In her third book, Doyle (Love Warrior, 2016, etc.) begins with a life-changing event. “Four years ago,” she writes, “married to the father of my three children, I fell in love with a woman.” That woman, Abby Wambach, would become her wife. Emblematically arranged into three sections—“Caged,” “Keys,” “Freedom”—the narrative offers, among other elements, vignettes about the soulful author’s girlhood, when she was bulimic and felt like a zoo animal, a “caged girl made for wide-open skies.” She followed the path that seemed right and appropriate based on her Catholic upbringing and adolescent conditioning. After a downward spiral into “drinking, drugging, and purging,” Doyle found sobriety and the authentic self she’d been suppressing. Still, there was trouble: Straining an already troubled marriage was her husband’s infidelity, which eventually led to life-altering choices and the discovery of a love she’d never experienced before. Throughout the book, Doyle remains open and candid, whether she’s admitting to rigging a high school homecoming court election or denouncing the doting perfectionism of “cream cheese parenting,” which is about “giving your children the best of everything.” The author’s fears and concerns are often mirrored by real-world issues: gender roles and bias, white privilege, racism, and religion-fueled homophobia and hypocrisy. Some stories merely skim the surface of larger issues, but Doyle revisits them in later sections and digs deeper, using friends and familial references to personify their impact on her life, both past and present. Shorter pieces, some only a page in length, manage to effectively translate an emotional gut punch, as when Doyle’s therapist called her blooming extramarital lesbian love a “dangerous distraction.” Ultimately, the narrative is an in-depth look at a courageous woman eager to share the wealth of her experiences by embracing vulnerability and reclaiming her inner strength and resiliency.

Doyle offers another lucid, inspiring chronicle of female empowerment and the rewards of self-awareness and renewal.

Pub Date: March 10, 2020

ISBN: 978-1-9848-0125-8

Page Count: 352

Publisher: Dial

Review Posted Online: Dec. 22, 2019

Kirkus Reviews Issue: Jan. 15, 2020

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The book would have benefited from a tighter structure, but it’s inspiring and relatable for readers with depression.


The creator and host of the titular podcast recounts his lifelong struggles with depression.

With the increasing success of his podcast, Moe, a longtime radio personality and author whose books include The Deleted E-Mails of Hillary Clinton: A Parody (2015), was encouraged to open up further about his own battles with depression and delve deeper into characteristics of the disease itself. Moe writes about how he has struggled with depression throughout his life, and he recounts similar experiences from the various people he has interviewed in the past, many of whom are high-profile entertainers and writers—e.g. Dick Cavett and Andy Richter, novelist John Green. The narrative unfolds in a fairly linear fashion, and the author relates his family’s long history with depression and substance abuse. His father was an alcoholic, and one of his brothers was a drug addict. Moe tracks how he came to recognize his own signs of depression while in middle school, as he experienced the travails of OCD and social anxiety. These early chapters alternate with brief thematic “According to THWoD” sections that expand on his experiences, providing relevant anecdotal stories from some of his podcast guests. In this early section of the book, the author sometimes rambles. Though his experiences as an adolescent are accessible, he provides too many long examples, overstating his message, and some of the humor feels forced. What may sound naturally breezy in his podcast interviews doesn’t always strike the same note on the written page. The narrative gains considerable momentum when Moe shifts into his adult years and the challenges of balancing family and career while also confronting the devastating loss of his brother from suicide. As he grieved, he writes, his depression caused him to experience “a salad of regret, anger, confusion, and horror.” Here, the author focuses more attention on the origins and evolution of his series, stories that prove compelling as well.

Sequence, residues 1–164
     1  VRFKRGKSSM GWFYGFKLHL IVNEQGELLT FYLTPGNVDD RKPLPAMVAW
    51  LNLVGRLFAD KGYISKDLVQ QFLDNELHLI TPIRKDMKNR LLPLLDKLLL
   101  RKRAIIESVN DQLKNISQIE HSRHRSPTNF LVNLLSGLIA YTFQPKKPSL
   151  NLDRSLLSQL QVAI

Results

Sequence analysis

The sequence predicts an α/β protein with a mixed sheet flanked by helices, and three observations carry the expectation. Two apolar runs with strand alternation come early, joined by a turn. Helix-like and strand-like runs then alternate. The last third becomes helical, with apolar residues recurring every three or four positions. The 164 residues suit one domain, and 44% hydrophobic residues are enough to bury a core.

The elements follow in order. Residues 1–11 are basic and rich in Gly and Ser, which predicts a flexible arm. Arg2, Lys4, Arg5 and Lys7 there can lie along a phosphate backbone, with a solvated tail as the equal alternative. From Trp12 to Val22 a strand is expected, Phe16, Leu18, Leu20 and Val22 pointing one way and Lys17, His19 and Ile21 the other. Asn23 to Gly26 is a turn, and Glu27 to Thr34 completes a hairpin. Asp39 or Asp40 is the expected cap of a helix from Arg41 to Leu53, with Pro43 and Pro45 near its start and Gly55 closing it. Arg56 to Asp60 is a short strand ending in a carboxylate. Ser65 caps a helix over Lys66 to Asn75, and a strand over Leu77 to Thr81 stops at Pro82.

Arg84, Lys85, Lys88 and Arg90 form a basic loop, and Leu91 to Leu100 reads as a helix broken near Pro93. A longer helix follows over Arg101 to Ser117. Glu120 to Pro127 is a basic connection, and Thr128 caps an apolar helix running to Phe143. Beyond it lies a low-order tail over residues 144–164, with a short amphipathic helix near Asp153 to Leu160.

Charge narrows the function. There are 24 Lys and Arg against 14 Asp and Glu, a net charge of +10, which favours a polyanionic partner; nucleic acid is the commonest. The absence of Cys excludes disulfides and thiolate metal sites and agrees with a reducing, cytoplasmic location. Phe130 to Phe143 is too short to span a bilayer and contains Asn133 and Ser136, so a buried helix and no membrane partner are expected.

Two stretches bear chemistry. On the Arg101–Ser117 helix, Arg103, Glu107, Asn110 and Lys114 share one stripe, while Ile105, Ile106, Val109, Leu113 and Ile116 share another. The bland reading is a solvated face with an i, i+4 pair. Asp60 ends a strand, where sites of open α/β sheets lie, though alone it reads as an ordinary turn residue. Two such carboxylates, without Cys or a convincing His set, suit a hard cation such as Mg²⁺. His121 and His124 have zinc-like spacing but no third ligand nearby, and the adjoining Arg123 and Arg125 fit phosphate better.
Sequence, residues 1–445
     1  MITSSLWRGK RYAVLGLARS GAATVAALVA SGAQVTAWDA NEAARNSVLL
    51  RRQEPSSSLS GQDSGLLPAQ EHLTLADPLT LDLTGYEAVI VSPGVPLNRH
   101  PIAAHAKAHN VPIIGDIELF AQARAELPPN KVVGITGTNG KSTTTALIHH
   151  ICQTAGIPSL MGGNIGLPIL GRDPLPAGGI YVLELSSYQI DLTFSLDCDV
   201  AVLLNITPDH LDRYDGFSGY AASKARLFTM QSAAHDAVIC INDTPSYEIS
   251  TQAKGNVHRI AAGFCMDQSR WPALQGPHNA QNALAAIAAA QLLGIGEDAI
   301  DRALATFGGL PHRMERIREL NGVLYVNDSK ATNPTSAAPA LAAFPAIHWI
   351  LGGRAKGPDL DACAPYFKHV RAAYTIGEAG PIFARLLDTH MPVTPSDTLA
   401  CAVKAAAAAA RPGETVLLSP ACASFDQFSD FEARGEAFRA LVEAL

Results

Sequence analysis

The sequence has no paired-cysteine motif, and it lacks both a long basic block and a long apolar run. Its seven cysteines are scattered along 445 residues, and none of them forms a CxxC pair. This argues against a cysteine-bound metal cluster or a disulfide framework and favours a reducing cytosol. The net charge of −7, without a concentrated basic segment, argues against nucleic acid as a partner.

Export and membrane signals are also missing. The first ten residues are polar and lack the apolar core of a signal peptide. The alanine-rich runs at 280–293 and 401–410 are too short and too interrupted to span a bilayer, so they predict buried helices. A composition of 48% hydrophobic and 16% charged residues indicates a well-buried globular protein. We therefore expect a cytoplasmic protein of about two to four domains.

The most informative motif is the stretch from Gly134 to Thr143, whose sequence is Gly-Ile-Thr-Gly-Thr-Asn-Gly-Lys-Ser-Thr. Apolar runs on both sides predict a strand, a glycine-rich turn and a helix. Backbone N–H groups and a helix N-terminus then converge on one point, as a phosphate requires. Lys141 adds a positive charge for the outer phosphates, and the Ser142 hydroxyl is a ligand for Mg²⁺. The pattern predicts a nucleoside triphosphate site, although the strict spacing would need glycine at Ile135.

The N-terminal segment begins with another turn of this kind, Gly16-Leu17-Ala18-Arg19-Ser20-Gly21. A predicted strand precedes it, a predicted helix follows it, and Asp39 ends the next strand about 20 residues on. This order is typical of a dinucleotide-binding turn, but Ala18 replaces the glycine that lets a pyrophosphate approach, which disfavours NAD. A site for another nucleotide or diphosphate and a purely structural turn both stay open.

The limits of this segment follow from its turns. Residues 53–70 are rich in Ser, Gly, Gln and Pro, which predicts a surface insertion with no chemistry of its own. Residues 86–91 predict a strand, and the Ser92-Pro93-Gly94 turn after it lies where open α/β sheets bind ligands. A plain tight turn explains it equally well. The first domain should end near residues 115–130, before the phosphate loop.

The book would have benefited from a tighter structure, but it’s inspiring and relatable for readers with depression.

Pub Date: May 5, 2020

ISBN: 978-1-250-20928-3

Page Count: 304

Publisher: St. Martin's

Review Posted Online: Feb. 5, 2020

Kirkus Reviews Issue: March 1, 2020